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Social media as operant conditioning

Insight of the day: Social media is a massively distributed operant conditioning machine that rewards people into conformity. Conformity to what? Here’s the novel wrinkle: anything. The owners of social media really don’t care where the bandwagon you jump on is going, as long as a lot of people jump on; people whom they will be able to sell. Social media networks alter society through the intrusion of information...

How Facebook is Bad for Democracy

On Facebook I recently noticed an increase of the following message on the comments of political articles: “Top Comments is selected, so some replies may have been filtered out.” So Facebook is so intent on feeding us only what its algorithm thinks we want to hear that it won’t even let us see opposing viewpoints. Facebook obviously know I’m liberal, and not just from clicking “Like” on...

The problem with share buybacks

Recently many publicly traded companies have spent huge amounts of money buying back their own shares. Why is this happening, and why is it a problem? Economics 101: be careful what you incentivize. CEO’s are incentivized primarily on share price performance. In theory that means incentives are structured to grow the business. But markets respond primarily to growth in profits, which is not necessarily the same thing...

Thoughts on Income Inequality

In an article so blind to the obvious that it might as well be willful, The Wall Street Journal opined, “Americans Are Richer Than Ever, But They Don’t Feel That Way: U.S. household net worth is expected to hit another record, but that won’t mean much to most people”. And not once does the article mention income inequality. Boiling the problem down to the simplest example, let me point out that, between us, Bill Gates and I...

Why I don’t trust our society to run nuclear...

The social problem with nuclear power is this. If some fool blows up the economy (or if a perverse structure of incentives drive a whole herd of bankers to blow up the economy) we all suffer for a few years, or even decades. But our grandchildren will be ok. If the same dynamic leads to a full reactor meltdown somewhere, then you could have 1% of the US uninhabitable for the next ten millennium (to say nothing of premature...

Are polls lies?

The recent recent election has prompted a lot of comments like, “all polls are lies”. I disagree. Polls are a very fuzzy take on a moment in time. A poll two weeks before election day can’t tell you how the election will turn out, only how people feel about it two weeks before the event. And even for its moment in time it is fuzzy – sample size, etc. Most have a 5% margin of error. The polls, at least...

The danger of being too smart (overconfidence)

There is a fascinating article on 538 about the cognitive traps extraordinarily smart people are prone to as a result of usually knowing more than most people around them. (http://fivethirtyeight.com/features/who-will-debunk-the-debunkers/ ) I suppose it is another angle on the physicists who think they can solve any problem in unrelated domains just because they are so much smarter than other people. But it turns out that...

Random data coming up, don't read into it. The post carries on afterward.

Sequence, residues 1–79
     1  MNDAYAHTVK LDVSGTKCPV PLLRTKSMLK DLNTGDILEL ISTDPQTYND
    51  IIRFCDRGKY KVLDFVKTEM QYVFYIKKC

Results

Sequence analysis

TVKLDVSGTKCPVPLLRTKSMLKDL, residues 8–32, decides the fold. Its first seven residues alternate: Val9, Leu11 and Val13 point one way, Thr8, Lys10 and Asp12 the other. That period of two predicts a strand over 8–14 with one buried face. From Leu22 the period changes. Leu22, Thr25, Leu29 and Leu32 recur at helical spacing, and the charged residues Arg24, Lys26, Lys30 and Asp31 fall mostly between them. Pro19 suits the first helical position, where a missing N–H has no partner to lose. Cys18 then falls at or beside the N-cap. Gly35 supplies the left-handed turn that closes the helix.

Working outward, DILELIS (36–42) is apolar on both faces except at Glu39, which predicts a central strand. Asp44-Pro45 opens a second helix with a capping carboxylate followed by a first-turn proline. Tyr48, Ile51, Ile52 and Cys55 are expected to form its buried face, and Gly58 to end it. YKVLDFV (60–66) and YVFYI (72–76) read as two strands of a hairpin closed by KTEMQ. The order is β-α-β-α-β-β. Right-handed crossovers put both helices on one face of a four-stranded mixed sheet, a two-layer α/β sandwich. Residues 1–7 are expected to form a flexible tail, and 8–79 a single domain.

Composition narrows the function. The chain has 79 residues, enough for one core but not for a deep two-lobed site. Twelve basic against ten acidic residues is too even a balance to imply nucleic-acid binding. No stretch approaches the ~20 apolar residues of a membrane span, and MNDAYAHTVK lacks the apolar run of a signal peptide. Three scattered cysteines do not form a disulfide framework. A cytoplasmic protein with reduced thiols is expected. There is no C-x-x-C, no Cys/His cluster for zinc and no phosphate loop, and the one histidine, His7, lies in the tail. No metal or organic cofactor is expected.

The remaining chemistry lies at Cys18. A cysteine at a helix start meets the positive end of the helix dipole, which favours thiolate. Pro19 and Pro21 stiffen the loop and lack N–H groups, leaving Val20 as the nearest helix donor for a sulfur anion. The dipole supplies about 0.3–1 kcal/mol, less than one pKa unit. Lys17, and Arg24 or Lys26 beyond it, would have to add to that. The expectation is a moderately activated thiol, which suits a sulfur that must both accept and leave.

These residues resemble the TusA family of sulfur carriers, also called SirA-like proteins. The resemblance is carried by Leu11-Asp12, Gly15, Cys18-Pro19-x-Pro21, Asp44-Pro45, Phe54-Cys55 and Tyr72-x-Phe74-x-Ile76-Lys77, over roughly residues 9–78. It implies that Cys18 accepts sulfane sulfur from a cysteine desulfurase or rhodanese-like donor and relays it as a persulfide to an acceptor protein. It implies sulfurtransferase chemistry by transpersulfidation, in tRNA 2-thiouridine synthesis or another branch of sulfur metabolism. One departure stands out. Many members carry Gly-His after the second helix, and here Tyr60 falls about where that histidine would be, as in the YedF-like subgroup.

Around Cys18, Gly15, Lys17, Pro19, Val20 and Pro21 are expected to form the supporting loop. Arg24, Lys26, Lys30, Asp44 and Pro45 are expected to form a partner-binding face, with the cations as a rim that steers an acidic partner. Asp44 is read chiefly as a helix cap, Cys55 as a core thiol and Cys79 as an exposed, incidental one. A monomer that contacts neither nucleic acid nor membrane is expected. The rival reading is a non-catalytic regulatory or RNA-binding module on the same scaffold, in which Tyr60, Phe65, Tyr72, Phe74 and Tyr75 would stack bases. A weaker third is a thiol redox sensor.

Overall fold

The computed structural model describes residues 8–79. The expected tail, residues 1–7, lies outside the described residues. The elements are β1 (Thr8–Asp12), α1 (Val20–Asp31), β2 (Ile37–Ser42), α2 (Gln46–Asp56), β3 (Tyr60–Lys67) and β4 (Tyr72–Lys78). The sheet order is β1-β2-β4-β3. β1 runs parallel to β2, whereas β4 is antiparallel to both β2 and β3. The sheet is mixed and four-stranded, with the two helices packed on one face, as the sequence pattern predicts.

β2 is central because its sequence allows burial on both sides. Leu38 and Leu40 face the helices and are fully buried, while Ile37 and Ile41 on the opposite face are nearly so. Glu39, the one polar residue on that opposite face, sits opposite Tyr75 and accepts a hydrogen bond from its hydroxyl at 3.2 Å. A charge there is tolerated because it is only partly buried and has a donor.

Random notes

I was talking to my friend Stephen Usher today about the website we designed for the Austin Branch of the Anthroposophical Society. We are still trying to decide if we like the color of the background. It is nice to have a soft watercolor – it gives a bit of an ethereal feel – but it could be distracting. I brought this up after talking to Caron of Sontec Instruments, who is looking to put a website together for...

Wikipedia page views

A new beta program is going around that counts Wikipedia page views. I tried it on a really obscure page, and none the less found that the page was getting just over 1000 views per week! At first I chalked it up to theh global reach of Wikipedia. But then I started to think about it more. I have to wonder if that number doesn’t include hits from all of Wikipedia’s bots. Wikipedia employs a number of automated software...

Some product reviews I wrote over the past year

2007 was a good year, and I wrote a number of interesting product reviews. A recent article I wrote was a list of lens bargains for the Sony Alpha (formerly Minolta Maxxum) lens mount. The article was titled Sony Alpha (Minolta Maxxum mount) lens bargains. I also wrote a review of my main wide-angle lens, the Sigma 10-20mm f/4-5.6 EX DC HSM. And predictably review was titled Sigma 10-20mm f/4-5.6 EX DC HSM Review. A couple...

How not to write occult history

The history of the occult is an interesting topic, especially for scholars of Rudolf Steiner. To someone new to esotericism who encounters Rudolf Steiner first, it may seem as if he originated everything. This is not to undervalue Steiner’s substantial original contributions; however Steiner himself was the first to acknowledge that he was working in a tradition with a long history. And Steiner made many references to...

Notes on my other blogs.

I have a few other Blogs out there. Most are mirrors of this one in some form or other. Daniel’s Main Blog at Aelzina Anthroposophy at weblogs.us Daniel at BraveJournal.com Thoghts on Anthroposophy at BlogSpot.com Daniel at BlogSpirit Anthroposophy at Bravewriting.com Daniel at LiveJournal.com Anthroposophy at Blog-City.com Daniel at 22blog.com Daniel at...